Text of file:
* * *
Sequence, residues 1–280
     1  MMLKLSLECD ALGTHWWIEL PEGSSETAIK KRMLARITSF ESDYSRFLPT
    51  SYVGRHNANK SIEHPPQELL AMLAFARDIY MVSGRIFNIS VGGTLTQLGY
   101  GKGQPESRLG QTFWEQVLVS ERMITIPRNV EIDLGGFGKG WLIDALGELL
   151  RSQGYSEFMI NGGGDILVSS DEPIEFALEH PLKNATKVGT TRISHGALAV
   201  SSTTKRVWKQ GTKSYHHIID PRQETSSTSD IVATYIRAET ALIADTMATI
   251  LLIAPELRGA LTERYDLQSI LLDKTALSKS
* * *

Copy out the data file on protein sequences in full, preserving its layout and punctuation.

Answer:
Sequence, residues 1–280
     1  MMLKLSLECD ALGTHWWIEL PEGSSETAIK KRMLARITSF ESDYSRFLPT
    51  SYVGRHNANK SIEHPPQELL AMLAFARDIY MVSGRIFNIS VGGTLTQLGY
   101  GKGQPESRLG QTFWEQVLVS ERMITIPRNV EIDLGGFGKG WLIDALGELL
   151  RSQGYSEFMI NGGGDILVSS DEPIEFALEH PLKNATKVGT TRISHGALAV
   201  SSTTKRVWKQ GTKSYHHIID PRQETSSTSD IVATYIRAET ALIADTMATI
   251  LLIAPELRGA LTERYDLQSI LLDKTALSKS